But one thing is for sure: Therrien is going to need goalie Carey Price to outduel Craig Anderson and, so far, Anderson has clearly been the better of the two.

Subban, too, needs to relocate his discipline, and the Canadiens as a whole won't stand much of a chance if they can't figure out how to open up the ice and take advantage of the areas in which they excel. That includes the power play, which has produced only a pair of goals in 13 attempts. Improved performance with the extra man could go a long way to blunting Ottawa's game plan.

Things might be different with Eller in the lineup. He'd become a very good forward for the Canadiens during the last month, often centering for Gallagher, who is a Calder Trophy nominee, and fellow rookie Alex Galchenyuk, while playing with some edge of his own.

But the hit by Gryba, who returns on Tuesday after his two-game ban, changed all that, and the hit itself also may signal a change in the way the NHL rules on certain headshots.

A real game changer

The league's ruling seemed to mark something of a departure. In the past, Rule 48 had been enforced when the checker targeted a player's head and made it the principle point of contact. Videos explaining suspensions made clear that the distinction between a legal and illegal hit could often be found in whether the checker "picked" the head of his victim or hit it in the course of delivering a full body check. Not wanting to discourage checking, the NHL excused hits that involved full body contact and, by doing so, rendered certain head checks within the rules.

The ruling on Gryba's hit was different. Many observers -- including former NHL referee Kerry Fraser on TSN, who had advocated stronger rules on hits to the head -- called it a vicious but clean shot, believing head contact was made while Gryba made a full body check.

That was the most common assessment heard around the league. Personally, I watched the play countless times and could never determine for myself whether Gryba got Eller's head or his body. But it's not my decision, nor is it anyone's but the Department of Player Safety.

And Brendan Shanahan was sure. In his ruling -- which showed the hit at least 10 times from perhaps seven different angles -- he said that Gryba did indeed make contact with Eller's body but not enough of it. The head was still the principle point of contact, which is the crux of Rule 48. That was a new twist on these rulings.

Shanahan added another nuance by talking about the "route" that Gryba took to deliver the hit as not being "correct." Here's his explanation:

This distinction that the checker did not make enough of a full body check is one that I don't recall seeing in any previous ruling, which is fine because, as the league is fond of saying, every hit is different and in this one, it ruled that the head still remained the principle point of contact -- not "principle" as in the first point of contact, league spokesman John Dellapina told me in an email, but "principle" as in main point.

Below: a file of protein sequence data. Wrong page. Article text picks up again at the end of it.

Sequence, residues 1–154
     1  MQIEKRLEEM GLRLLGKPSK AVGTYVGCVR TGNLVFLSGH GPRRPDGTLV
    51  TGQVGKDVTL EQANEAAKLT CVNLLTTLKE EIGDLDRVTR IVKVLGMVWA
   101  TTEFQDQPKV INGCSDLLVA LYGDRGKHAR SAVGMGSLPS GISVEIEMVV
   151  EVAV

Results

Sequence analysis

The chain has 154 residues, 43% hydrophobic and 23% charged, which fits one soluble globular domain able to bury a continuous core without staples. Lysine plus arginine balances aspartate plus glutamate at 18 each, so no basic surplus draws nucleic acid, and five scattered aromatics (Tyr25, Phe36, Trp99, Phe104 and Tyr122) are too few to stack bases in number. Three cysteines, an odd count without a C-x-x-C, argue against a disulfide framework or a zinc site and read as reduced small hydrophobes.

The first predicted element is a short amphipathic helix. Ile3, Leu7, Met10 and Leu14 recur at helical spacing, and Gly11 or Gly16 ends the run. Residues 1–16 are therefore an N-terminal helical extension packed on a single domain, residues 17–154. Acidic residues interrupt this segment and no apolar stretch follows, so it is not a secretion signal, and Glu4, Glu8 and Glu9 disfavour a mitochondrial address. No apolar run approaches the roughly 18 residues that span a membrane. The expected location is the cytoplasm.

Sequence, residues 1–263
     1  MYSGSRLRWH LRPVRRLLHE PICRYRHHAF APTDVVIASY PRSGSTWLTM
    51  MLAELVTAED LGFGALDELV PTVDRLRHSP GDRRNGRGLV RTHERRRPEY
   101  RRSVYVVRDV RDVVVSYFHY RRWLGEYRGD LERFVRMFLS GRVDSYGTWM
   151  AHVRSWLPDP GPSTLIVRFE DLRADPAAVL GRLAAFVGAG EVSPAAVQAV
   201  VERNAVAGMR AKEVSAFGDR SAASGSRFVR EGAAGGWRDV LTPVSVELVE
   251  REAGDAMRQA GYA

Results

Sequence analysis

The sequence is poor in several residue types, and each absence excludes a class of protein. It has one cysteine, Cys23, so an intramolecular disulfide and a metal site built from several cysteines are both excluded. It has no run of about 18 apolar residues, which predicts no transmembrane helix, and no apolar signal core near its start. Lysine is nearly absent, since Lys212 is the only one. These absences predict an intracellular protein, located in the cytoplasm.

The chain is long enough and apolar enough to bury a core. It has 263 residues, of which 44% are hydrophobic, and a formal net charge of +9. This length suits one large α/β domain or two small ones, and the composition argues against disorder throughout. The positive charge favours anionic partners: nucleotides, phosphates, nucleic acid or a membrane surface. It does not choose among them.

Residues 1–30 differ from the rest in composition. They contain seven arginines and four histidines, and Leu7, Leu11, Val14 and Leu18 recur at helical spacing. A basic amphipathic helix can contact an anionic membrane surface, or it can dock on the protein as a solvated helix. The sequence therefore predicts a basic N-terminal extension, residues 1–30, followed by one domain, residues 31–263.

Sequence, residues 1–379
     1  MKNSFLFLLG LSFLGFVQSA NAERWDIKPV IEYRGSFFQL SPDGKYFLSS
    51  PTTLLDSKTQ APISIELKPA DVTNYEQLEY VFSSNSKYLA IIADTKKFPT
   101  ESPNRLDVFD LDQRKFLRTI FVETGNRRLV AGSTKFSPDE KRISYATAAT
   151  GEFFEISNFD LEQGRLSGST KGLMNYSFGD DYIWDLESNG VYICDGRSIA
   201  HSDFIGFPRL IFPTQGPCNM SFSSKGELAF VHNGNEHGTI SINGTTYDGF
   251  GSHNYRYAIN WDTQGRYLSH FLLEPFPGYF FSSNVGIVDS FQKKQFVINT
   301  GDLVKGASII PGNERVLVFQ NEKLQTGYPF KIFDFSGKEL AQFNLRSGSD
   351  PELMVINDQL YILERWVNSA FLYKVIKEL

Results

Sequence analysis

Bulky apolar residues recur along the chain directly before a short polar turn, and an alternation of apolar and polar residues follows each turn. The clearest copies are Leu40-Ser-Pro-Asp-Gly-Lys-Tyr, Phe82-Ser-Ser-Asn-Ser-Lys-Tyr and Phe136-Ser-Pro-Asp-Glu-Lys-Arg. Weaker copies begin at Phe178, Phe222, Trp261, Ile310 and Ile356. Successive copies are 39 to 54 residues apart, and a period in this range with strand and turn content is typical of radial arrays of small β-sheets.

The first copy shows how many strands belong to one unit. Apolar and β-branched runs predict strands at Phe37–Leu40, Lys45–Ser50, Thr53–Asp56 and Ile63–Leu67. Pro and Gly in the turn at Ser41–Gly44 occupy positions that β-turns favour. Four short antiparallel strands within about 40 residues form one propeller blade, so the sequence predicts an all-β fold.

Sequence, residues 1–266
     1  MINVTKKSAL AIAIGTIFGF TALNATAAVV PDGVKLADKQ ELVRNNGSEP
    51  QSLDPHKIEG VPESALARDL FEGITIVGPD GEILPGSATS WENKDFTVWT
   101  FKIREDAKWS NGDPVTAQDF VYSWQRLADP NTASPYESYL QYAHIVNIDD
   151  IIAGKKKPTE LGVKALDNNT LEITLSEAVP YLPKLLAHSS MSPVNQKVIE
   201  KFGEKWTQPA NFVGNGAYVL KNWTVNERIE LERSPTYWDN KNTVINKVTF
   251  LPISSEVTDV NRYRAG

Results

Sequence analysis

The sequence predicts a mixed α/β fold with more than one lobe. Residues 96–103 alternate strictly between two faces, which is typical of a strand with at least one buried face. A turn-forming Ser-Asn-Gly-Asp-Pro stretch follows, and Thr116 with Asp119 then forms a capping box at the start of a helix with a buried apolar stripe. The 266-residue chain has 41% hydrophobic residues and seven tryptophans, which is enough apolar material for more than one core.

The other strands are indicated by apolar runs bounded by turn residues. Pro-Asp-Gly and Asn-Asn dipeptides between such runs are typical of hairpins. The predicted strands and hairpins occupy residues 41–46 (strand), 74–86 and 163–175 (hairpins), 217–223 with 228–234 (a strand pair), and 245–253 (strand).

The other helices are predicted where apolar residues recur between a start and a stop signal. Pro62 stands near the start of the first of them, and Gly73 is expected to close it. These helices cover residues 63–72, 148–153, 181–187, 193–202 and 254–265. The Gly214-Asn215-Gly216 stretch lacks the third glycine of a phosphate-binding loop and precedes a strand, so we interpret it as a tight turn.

The idea that Gryba took an incorrect route needs some examination. Unfortunately, Shanahan didn't do that in the video and should have.

But it was explained by Brandon Prust, of all people, hours before Shanahan made his ruling. Speaking in the Canadiens' dressing room -- when he made his now well-known remark calling MacLean a "bug-eyed fat walrus" -- he talked about how Gryba executed the hit (about 1:15 into this clip).

"When a 'D' steps up -- you can ask any 'D' in the league -- you have the choice to hit the guy square on, like he has him lined up. He chose not to hit him on his front shoulder, and he went for his far shoulder. If you're going to try to avoid his front shoulder to go for his far shoulder, what are you going to pass? You're going to pass his face. And that's why he hit him in the face. He didn't want the impact of a full body check. He wanted to just hit him, and when you just hit somebody, you're going to usually catch their face."

Now you may want to dismiss Prust's words because Eller is his teammate, but if you watch the video of the hit again, what he's offering us is a pretty lucid description of how what appears to be a good hockey hit ends up being a dangerous one and how Shanahan came to this ruling.

This is all somewhat new territory for Rule 48.

Some in the hockey world are whispering that we're about to see more of the same, that the NHL will be tougher on head checks from now on because of the lawsuits brought by NFL players against that league alleging that it hid the dangers of concussions. They say the NHL doesn't want the same legal hassles and would rather show that it has been increasingly aggressive in its effort to eliminate head checks. It's certainly possible that argument could be part of the league's defense.

There's some grousing that the NHL shouldn't be tightening its rules and interpretations of Rule 48 now, while the season is ongoing, but should do so in the offseason. But with the NFL players' suit working its way through the courts, it is believed that the NHL can't delay, especially now in the first round of the playoffs where the competition is most heated and players seem less hesitant to cross the line and make over-the-top plays.

If this is all true, a new reality about head shots is upon us and the hockey world had best get used to it.

In the meantime, the Senators and Canadiens will again wage war on the ice. Hopefully, no one loses more than a tooth.